Saturday, November 15, 2014
Supreme Court Refuses to Stay Ninth Circuit Ruling Invalidating Arizona Proposition 100's "No Bail for Undocumented Immigrants" Provision
Lyle Denniston on SCOTUSblog.com reports that the Supreme Court on Wednesday refused to block a federal appeals court ruling striking down an amendment to the Arizona constitution that prohibits the pretrial release of undocumented immigrants charged with serious crimes.
The Court was dealing at this point only with a plea by Arizona officials to delay the ruling at issue, by the U.S. Court of Appeals for the Ninth Circuit. At issue in the case is the voter-approvcd “Proposition 100,” made a part of the Arizona constitution in November 2006. Passed by a margin of seventy-eight to twenty-two percent, the measure banned state courts from ordering the release on bail of any individual ruled to be in the country illegally, if he had been accused of a serious crime, proof of the crime was “evident,” and there were a “great presumption” that he was guilty.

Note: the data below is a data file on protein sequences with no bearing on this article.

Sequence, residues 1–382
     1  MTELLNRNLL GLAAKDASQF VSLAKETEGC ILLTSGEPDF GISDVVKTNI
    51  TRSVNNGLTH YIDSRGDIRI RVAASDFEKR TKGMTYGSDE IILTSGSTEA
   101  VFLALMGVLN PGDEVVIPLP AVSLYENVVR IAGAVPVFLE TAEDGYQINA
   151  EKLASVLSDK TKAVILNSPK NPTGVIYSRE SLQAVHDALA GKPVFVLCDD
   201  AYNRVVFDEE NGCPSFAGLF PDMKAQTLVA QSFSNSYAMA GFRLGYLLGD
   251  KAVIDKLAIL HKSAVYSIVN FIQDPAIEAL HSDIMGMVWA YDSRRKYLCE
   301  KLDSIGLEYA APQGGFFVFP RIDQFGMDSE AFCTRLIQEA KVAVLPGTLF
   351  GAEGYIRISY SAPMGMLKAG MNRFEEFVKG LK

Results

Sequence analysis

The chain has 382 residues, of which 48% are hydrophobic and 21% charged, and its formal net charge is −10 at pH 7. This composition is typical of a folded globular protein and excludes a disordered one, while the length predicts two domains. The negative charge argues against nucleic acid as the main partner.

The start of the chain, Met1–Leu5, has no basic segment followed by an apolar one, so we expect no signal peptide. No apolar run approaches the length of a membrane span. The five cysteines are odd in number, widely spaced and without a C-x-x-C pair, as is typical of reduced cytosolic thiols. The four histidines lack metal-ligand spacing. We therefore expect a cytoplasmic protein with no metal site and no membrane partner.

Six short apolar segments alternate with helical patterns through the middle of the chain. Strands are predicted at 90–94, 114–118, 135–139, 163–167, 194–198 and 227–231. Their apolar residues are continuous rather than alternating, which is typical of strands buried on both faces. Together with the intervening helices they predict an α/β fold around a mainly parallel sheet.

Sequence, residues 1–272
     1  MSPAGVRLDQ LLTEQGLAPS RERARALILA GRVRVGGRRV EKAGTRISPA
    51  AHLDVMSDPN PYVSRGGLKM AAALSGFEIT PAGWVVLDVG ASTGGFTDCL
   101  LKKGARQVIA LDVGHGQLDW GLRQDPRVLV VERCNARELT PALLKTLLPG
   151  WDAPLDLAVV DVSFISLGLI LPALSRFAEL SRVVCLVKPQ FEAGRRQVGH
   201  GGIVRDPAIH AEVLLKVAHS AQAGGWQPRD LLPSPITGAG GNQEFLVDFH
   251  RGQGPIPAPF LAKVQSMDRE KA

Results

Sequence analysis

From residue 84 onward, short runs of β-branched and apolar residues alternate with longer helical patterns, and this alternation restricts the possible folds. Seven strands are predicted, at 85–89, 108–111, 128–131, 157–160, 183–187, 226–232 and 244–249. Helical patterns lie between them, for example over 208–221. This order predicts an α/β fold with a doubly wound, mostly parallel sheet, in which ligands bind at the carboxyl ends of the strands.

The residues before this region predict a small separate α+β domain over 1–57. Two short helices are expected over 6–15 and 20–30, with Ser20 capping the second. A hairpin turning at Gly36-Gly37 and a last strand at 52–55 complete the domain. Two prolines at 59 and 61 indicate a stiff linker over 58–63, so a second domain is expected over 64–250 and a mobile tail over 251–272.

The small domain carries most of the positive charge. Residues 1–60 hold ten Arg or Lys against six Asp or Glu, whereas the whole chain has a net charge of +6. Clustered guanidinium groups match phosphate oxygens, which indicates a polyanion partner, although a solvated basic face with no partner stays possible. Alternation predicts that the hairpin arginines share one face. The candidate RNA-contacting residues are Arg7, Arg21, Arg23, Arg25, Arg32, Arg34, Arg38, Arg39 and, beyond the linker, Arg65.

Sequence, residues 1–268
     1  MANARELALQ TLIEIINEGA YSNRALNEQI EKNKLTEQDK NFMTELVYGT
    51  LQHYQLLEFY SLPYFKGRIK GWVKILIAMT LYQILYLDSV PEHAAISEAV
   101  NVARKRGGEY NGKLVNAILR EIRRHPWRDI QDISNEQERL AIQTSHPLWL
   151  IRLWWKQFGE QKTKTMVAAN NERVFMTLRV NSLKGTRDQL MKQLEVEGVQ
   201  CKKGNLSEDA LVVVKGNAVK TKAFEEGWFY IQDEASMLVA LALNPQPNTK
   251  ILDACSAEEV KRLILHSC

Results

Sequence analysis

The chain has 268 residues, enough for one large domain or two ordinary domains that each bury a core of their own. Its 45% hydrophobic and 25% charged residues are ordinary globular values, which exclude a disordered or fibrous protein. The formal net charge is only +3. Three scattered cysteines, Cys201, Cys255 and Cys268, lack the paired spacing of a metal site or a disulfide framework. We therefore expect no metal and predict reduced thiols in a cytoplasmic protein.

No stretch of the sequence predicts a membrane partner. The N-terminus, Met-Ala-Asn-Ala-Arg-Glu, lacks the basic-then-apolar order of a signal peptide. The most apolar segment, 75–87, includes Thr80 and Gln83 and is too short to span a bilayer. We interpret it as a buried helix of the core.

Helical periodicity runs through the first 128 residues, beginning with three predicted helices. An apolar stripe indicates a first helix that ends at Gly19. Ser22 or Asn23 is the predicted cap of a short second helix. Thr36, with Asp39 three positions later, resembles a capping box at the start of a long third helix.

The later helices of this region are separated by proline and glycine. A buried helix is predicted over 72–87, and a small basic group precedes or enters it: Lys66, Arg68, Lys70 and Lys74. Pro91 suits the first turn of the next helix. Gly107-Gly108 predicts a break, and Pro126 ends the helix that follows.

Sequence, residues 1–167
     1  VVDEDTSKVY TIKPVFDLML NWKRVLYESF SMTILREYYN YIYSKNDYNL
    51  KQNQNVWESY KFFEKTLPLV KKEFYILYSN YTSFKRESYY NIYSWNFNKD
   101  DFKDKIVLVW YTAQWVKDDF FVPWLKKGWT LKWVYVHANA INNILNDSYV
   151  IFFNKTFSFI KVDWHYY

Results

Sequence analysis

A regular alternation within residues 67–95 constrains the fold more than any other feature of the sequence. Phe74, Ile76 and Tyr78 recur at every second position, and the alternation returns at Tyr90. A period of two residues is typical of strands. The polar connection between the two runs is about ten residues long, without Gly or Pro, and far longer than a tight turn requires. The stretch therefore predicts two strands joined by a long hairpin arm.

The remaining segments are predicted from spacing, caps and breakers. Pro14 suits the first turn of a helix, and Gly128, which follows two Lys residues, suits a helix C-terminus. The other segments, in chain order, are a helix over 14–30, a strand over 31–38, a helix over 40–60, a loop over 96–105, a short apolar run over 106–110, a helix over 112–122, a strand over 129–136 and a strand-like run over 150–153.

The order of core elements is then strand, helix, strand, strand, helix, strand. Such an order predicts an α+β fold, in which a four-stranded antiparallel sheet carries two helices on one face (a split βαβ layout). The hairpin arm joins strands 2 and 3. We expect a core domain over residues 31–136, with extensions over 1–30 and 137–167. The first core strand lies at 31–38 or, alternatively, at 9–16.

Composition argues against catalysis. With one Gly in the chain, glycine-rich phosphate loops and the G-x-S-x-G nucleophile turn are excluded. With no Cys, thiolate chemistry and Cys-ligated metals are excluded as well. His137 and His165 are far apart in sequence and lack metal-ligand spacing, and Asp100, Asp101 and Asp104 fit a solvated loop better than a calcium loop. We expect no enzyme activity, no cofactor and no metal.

The Supreme Court, by refusing the state’s request for a delay, allowed the decision by the en banc Ninth Circuit nullifying the bail ban to go into effect. That will mean that undocumented immigrants will now be able to seek bail from a judge while awaiting trial on criminal charges.
Justice Clarence Thomas, joined by Justice Antonin Scalia, filed a separate statement, but it was not a dissent. They expressed regret that the Court does not have a strong inclination to grant review of lower court rulings striking down state laws, as it does when a federal law has been nullified by a lower court.